Why do we like a story to end “happily ever after”? Is it because we like neat, tied-in-a-bow endings, or is it a victory to ease our pain for all those stories that we can’t fix?
This weekend, we went to a movie that didn’t end the way we might have liked. The main character, a shady protagonist at best, still had a hole. He didn’t get the girl. The girl ended up hurt. I won’t tell you the name so as not to spoil it for you, but it was one of those movies where everyone sat there for a while at the end. Did we want more? Or did we want different? I’m not sure, but I walked away playing out the other scenarios of endings and I decided the writer was right. It needed to end realistically, and we got a hard reality at the end. It was finished—just not all neat and pretty.
I’m sitting here wondering this evening about those similar places in our lives that don’t wrap up as neatly as we’d like. You know—the ones that we replay over and over in our heads. What could we have done different? Where did we fail? But a better question to ask might be: Have we really failed? Just because something doesn’t turn out the way we think it should, does that make it wrong? Have we factored in that God’s Hand was on the situation and somehow, this is the way He allowed it? I believe one day we are going to have new eyes to see and it will all make sense. But our human rationale doesn’t allow us to understand why things are the way they are. Something bigger, something eternal often is at stake. God may have seen the same story as a rousing success because it fitted us more for eternity. Was pride broken? Did we learn to lean into His provision better? Did we pray with desperation, knowing He is the only One to whom we could turn? Did we store up eternal treasures at the expense of something very temporal?
When all doesn’t end the way we think it should, it seems to help to look at what did go right. And in God’s economy, nothing is wasted. So, even the temporary failures can produce lasting benefit. Even a bad day is wholly good because God can turn it around as easily as He can turn around a life. It’s only a waste if we don’t give God access to our hearts to work His good. A good life is made up of a lot of bad days that got used for good. So ultimately, eternally speaking, maybe “happily ever after” is realistic.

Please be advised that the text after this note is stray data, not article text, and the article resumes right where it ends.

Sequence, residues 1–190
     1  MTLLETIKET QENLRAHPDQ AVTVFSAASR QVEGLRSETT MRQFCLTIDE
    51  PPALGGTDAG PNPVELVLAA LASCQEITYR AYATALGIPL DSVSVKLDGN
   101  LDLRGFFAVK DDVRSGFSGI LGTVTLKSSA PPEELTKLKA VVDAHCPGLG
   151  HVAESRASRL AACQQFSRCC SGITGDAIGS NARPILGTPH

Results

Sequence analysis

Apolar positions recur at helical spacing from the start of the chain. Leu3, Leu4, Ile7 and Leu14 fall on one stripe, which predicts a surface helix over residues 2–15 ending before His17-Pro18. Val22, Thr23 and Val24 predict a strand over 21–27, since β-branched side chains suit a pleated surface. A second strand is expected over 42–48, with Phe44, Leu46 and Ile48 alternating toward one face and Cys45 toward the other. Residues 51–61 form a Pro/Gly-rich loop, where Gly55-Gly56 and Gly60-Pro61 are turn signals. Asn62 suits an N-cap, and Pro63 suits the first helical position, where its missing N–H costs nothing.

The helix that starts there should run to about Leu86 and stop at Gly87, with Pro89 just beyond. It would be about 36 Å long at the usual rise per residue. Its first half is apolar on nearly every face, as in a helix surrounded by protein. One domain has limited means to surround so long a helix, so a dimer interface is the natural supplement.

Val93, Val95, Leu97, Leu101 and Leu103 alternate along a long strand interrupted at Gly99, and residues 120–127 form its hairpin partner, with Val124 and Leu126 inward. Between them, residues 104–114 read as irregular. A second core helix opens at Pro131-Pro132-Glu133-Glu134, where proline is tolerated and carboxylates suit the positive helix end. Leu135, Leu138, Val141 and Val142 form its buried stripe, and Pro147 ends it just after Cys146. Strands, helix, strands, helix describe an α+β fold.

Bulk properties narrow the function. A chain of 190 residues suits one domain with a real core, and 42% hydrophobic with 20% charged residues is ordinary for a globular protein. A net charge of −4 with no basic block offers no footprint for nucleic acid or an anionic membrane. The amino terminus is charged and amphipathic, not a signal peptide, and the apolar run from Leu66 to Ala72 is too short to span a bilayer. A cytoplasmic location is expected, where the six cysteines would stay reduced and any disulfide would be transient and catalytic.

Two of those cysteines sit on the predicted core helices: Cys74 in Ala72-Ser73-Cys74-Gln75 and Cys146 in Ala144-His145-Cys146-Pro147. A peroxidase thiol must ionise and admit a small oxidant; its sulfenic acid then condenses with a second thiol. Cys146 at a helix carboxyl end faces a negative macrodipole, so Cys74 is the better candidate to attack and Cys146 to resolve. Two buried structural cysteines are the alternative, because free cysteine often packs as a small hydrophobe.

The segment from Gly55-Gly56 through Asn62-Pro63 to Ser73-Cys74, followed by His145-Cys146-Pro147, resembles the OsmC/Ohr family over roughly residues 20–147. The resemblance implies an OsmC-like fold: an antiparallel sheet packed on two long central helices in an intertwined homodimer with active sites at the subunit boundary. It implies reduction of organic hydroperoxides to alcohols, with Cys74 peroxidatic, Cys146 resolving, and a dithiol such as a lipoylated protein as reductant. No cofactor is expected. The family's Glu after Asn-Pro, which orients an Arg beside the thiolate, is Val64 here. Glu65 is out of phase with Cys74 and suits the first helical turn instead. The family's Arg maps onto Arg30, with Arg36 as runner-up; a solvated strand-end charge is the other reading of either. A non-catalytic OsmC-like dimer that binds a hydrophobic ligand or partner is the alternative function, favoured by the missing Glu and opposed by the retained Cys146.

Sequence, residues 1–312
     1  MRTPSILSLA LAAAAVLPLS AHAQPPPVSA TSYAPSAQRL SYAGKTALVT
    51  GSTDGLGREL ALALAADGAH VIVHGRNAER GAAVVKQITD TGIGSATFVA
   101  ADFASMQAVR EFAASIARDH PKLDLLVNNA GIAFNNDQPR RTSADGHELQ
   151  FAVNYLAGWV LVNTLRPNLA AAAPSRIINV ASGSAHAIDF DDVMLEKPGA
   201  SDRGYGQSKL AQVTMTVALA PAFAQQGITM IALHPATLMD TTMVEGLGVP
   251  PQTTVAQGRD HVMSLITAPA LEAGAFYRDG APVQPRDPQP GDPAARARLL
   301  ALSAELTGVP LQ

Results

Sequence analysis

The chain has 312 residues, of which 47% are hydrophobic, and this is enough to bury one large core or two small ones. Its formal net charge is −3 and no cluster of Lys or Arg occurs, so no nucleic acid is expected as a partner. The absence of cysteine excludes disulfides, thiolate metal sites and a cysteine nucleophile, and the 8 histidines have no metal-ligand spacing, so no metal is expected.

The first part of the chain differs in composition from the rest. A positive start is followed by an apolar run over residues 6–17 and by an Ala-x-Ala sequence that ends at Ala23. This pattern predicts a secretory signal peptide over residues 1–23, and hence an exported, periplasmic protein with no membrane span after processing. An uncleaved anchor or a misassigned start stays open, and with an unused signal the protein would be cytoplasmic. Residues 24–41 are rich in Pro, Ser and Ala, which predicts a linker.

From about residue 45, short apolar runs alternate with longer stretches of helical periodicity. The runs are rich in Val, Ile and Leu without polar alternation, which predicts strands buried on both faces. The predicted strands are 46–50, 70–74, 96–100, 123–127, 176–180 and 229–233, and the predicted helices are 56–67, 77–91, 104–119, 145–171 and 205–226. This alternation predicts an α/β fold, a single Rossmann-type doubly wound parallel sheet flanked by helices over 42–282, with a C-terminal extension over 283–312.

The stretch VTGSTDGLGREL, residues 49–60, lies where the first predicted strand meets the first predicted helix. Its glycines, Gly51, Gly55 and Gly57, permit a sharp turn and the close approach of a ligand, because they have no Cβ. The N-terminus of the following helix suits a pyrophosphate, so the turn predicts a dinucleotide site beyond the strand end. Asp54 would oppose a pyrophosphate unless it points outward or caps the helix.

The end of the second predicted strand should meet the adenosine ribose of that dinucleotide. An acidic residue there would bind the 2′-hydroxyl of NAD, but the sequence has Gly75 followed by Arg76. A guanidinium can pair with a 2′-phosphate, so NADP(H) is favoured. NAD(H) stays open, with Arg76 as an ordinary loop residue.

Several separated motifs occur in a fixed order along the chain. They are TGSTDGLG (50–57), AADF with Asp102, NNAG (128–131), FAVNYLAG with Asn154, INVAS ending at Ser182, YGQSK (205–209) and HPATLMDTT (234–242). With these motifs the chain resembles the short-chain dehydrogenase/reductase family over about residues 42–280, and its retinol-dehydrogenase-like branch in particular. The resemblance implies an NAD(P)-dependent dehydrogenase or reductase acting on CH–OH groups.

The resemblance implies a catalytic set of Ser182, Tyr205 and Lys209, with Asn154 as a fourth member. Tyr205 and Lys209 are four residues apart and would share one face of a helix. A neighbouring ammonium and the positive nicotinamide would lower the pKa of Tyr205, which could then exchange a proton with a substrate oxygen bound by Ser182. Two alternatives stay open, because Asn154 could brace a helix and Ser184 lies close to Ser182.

Great post, wish I wouldn’t question so often.
I remember it well, Virginia. That was a really good day. And we sang thiat song thinking of our boys, my girls, and our prayers for their brilliant futures. Life looks a little different, but I wouldn’t change a thing if it meant I drew a little closer to Christ because of it. I pray for your family often Virginia. Love ya.
Yes, indeedy—–your writing sears my soul. And I have to jump in on the crowd that “prayed in desperation knowing He is the only one…” Still doing so. 🙂 And, Joan’s song will forever remind me of you! I remember a fall day about 8 or 9 years ago. We drove out to your future farm, with that song blasting. It just is THE best! Hugs to you…
Sweet friend, I believe I detect some Jennifer Kennedy Dean thinking in your writing..I believe you have just so eloquently written an explanation of what she teaches so beautifully in her book. You are so right…you wrote the truth. When I read it in her book, I thought…this is the truth. You’ve let it be implanted in your heart and then you wrote it out so well….helped me to see it all over again and nailed it into my feeble brain. Bless you…may He meet you today and may your day be full of His presence. Hugging you thru cyber space….love you, Mary Lou
I believe you do hear an overtone of Jennifer Kennedy Dean. Her study has changed my perspective. I want to do like you did and go back through it in more detail. Sending hugs right back to you, Mary Lou!
*For those of you who aren’t familiar with Jennifer Kennedy Dean’s A Praying Life”, it is well worth your time for a Bible study.